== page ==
Mitsui Sumitomo Aioi Life Insurance started offering cancer insurance via multi-function copiers at 7-Eleven convenience stores across the country from this week
Mitsui Sumitomo Aioi Life Insurance is offering cancer insurance via multi-function copiers at 7-Eleven convenience stores across Japan from this week © Bloomberg

Coronavirus has accelerated an analogue-digital showdown that Japan had hoped could be postponed for years: the clash between selling insurance online and the country’s 230,000-strong army of seiho ladies, the nearly all-female door-to-door salesforce. 

Months of closed offices in city centres have taken away one of the seiho salesforce’s most concentrated source of potential customers, say analysts. Companies are now allowing staff to use messaging and videoconferencing apps to win contracts.

New sales channels using smartphones and other online tools have also opened up. Mitsui Sumitomo Aioi Life Insurance, for example, is offering cancer insurance via multi-function copiers at 7-Eleven convenience stores across the country from this week.

Analysts say these moves could be a turning point for an industry that has been stubbornly slow to embrace digital transformation. Most sales are still done physically, with female staff making up 90 per cent of the companies’ salesforces.

Hayanari Uchino, managing director at Daiwa Research Institute, said the survival of insurance companies would depend on their willingness to shift to a digital approach. “As sales channels diversify further, it will likely be necessary for the industry to consider what the appropriate total number of salespeople should be,” he said.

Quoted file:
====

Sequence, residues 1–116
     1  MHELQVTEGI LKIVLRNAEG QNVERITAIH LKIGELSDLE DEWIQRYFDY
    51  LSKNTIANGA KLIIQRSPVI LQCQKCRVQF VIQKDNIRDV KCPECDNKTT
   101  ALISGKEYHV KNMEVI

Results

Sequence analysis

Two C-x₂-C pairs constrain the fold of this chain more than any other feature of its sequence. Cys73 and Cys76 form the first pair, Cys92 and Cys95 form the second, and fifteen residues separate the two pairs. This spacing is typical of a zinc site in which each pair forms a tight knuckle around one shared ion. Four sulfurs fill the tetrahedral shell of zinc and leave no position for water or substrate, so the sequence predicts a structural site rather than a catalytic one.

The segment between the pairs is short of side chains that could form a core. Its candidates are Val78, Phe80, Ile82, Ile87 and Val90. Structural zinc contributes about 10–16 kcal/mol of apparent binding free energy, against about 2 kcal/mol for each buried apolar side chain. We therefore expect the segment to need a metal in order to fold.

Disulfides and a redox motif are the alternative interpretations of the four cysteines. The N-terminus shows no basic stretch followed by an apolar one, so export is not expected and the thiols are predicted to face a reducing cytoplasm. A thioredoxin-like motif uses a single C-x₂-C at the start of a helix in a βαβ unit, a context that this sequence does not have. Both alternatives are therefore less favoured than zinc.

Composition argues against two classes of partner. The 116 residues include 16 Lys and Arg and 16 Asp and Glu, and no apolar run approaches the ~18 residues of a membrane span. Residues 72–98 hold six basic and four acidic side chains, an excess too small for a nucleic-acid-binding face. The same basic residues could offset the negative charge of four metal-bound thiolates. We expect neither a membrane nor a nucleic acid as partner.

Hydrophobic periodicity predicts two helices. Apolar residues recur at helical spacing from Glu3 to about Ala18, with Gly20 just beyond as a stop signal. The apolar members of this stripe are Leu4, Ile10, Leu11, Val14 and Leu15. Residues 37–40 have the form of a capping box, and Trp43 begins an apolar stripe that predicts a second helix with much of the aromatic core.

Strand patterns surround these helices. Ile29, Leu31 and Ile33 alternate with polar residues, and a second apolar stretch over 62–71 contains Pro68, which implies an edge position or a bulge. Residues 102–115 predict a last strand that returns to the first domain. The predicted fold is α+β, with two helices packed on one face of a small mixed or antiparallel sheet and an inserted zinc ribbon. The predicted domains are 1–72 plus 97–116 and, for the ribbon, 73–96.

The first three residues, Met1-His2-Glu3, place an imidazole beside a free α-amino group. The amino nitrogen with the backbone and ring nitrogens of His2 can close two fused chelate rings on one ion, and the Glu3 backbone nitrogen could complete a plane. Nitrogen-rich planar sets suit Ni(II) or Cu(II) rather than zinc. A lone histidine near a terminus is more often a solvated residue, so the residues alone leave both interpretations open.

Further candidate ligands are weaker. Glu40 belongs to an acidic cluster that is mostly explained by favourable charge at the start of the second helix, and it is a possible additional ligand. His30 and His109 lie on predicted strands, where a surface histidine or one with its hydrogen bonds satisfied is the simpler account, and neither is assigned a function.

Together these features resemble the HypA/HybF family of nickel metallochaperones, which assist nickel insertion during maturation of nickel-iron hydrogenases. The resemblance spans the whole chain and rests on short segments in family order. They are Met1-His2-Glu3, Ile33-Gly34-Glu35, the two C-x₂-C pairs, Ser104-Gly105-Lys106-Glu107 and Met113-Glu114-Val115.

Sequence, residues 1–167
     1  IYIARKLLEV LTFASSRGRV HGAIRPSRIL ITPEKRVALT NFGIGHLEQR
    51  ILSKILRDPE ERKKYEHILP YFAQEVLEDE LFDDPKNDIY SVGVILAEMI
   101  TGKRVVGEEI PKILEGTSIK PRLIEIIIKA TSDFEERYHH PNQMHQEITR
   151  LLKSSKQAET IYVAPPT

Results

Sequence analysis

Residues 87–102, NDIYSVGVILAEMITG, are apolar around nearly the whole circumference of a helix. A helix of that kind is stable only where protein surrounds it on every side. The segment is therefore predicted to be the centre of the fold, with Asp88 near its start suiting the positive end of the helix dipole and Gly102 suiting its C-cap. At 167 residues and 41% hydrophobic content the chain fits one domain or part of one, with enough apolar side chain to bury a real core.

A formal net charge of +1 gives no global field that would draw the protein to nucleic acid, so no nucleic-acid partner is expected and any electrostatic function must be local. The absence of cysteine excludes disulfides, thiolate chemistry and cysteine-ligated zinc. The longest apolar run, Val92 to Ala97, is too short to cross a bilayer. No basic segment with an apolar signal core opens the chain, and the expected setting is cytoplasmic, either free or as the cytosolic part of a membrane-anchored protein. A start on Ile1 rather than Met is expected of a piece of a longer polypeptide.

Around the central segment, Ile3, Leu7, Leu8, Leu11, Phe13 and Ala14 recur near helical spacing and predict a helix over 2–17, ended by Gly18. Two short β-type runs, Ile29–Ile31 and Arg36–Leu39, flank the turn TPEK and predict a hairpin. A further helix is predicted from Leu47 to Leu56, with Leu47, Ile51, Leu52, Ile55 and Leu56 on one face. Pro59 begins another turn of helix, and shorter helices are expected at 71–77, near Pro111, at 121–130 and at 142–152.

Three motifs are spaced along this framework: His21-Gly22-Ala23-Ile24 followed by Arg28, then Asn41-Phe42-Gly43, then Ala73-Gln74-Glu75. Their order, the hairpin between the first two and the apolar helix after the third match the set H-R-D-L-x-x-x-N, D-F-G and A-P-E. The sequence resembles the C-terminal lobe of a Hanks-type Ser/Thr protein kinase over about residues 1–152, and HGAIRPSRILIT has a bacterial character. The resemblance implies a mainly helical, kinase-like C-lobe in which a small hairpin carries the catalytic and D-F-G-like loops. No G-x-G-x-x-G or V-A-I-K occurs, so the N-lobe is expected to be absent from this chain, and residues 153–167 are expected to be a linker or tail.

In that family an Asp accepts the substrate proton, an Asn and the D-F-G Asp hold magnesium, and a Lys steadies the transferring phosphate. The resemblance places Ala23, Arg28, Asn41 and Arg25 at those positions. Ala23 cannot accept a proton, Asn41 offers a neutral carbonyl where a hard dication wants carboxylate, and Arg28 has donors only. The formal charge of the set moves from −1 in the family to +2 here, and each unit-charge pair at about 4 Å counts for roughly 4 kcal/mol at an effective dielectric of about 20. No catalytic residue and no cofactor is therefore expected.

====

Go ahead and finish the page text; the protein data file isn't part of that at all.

Large life insurers such as Dai-ichi Life Insurance and Meiji Yasuda Life Insurance stress that no job cuts to their salesforce are planned, even as they place digital strategy at the forefront of their longer-term strategies.

Still, Mikuri Kinoshita, a 29-year-old saleswoman at Orix Insurance, is concerned about the future as customers are exposed to the convenience of buying policies online during the Covid-19 crisis. 

“Once it becomes possible to do, I’m worried that there will be more customers who would opt for the internet option. If sales are completed online, it won’t be counted in the performance of salespeople,” she said.

Starting in mid-May, the company cleared Ms Kinoshita to sell policies to customers using videoconference tools. Previously, she was required to meet them in person to check their health conditions before a contract could be signed.

While her monthly income is not based on the number of contracts agreed, many saleswomen at other life insurers with commission-based salaries have suffered a decline in earnings as customers put off buying policies during the lockdown. 

Analysts warn that job losses are inevitable. “In the longer term, the salesforce is going to shrink. Will they say it officially? Not for the time being,” said Hideyasu Ban, a financial services analyst at Jefferies.

Company officials caution that the digital transformation will not be achieved overnight.

Despite the recent diversification of sales channels, life insurers have strengthened their staffing levels, with the number of salespeople increasing 2.8 per cent during the past four years to 234,286, according to the Life Insurance Association of Japan.

The most recent data from the Japan Institute of Life Insurance show that only 3.3 per cent of life insurance products were sold via the internet between 2013 and 2018, while salespeople accounted for 54 per cent. 

Nonetheless, the case for digitalisation has strengthened as online insurance companies have delivered stronger performance during the pandemic. At Lifenet Insurance, the annualised value of contracts with new customers in April rose 87 per cent from a year earlier to ¥456m ($4.2m), hitting a new record as traditional insurers cut back on face-to-face sales.

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